From cradle to grave, we all encounter trials and opportunities for growth. But do we seize upon these openings to evaluate life at its core? Do we pause to reflect on the consequences of our human pursuit of happiness? Through the lens of philosophers and artists, this course examines the pressing, age-old question of human existence: “What is a happy life?” Dispelling the illusion that “happiness” is self-evident, in this course, we engage thinkers, writers, and works of art that prioritize questions about how we ought to live and, importantly, how to promote a sustainably happy existence for ourselves, others, and the planet we inhabit.
Our course connects us to an ancient vein in European philosophy, which associates a sustainable form of happiness with a deep connection to nature. Tracing this vein into modernity, the course gives focus to philosophical and artistic connections between the question of happiness and Scandinavian nature. In their own ways, the thinkers and artists we study turned away from human social life and towards nature and wilderness in order to clear their minds and better contemplate the meaning of life from that perspective.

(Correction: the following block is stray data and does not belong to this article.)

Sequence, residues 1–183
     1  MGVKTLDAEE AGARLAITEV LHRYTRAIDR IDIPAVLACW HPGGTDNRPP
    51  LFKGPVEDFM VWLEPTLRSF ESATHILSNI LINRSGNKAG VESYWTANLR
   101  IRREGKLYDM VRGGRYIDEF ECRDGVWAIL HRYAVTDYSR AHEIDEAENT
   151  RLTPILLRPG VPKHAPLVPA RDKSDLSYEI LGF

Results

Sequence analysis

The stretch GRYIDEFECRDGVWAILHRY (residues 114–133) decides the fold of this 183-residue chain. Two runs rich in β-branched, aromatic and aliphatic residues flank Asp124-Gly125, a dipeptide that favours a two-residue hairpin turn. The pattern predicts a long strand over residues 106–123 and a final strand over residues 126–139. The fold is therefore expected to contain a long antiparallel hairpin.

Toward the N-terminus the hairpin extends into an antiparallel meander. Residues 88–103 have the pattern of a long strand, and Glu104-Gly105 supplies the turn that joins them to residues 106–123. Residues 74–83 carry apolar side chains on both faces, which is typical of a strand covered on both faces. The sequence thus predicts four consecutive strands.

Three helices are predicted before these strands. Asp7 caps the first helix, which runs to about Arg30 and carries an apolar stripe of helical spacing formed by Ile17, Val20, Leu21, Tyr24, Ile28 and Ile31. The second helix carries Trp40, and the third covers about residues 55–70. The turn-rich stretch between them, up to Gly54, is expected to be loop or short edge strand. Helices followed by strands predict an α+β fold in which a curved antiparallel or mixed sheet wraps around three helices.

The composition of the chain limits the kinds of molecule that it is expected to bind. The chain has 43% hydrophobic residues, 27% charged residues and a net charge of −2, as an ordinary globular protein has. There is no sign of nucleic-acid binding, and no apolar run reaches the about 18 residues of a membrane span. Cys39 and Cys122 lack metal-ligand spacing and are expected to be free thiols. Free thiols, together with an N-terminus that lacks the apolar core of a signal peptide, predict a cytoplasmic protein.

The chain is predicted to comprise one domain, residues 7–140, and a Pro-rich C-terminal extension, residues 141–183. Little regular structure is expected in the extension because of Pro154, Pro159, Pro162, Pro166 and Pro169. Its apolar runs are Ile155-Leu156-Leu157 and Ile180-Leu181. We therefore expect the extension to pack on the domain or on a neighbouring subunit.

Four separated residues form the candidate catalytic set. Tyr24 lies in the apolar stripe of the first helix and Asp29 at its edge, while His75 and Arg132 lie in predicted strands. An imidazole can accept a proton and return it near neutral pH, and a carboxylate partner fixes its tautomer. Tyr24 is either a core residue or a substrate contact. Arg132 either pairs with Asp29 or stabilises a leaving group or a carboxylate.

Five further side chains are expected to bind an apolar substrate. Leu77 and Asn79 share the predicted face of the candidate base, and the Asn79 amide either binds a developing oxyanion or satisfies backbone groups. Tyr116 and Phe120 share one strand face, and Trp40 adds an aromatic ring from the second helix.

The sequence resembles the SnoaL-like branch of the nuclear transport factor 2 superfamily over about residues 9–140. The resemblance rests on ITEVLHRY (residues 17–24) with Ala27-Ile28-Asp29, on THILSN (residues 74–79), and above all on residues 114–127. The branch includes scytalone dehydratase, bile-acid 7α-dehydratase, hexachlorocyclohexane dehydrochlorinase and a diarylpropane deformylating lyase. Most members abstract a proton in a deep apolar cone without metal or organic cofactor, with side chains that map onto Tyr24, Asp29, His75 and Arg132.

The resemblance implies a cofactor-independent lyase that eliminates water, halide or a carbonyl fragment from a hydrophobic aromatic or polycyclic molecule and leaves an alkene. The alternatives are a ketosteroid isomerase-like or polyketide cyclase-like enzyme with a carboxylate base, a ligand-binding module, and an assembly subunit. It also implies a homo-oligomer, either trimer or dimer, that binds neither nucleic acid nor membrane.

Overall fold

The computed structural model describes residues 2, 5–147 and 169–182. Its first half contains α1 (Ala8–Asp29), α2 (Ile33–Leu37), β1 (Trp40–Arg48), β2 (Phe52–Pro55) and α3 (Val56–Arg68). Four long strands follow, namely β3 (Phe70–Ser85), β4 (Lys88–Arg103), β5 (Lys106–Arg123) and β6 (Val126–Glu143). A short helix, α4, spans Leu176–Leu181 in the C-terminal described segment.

With these thinkers and artists as our guides, we turn our thoughts towards our relationships, activities, commitments, and thoughts, examining them to discover what truly drives happiness and to contemplate the importance of the natural world in our 21st century lives. How does our experience of nature, with our current threat of climate change and new perspectives on sustainability, differ from their experiences? And how does nature still serve as a similar refuge from stifling urban life? There may be no single key to happiness found at the end of this course, but in searching for it, we follow in the philosophical and literal footsteps of those who came before us and also sought to understand the mystery behind what makes for a happy life.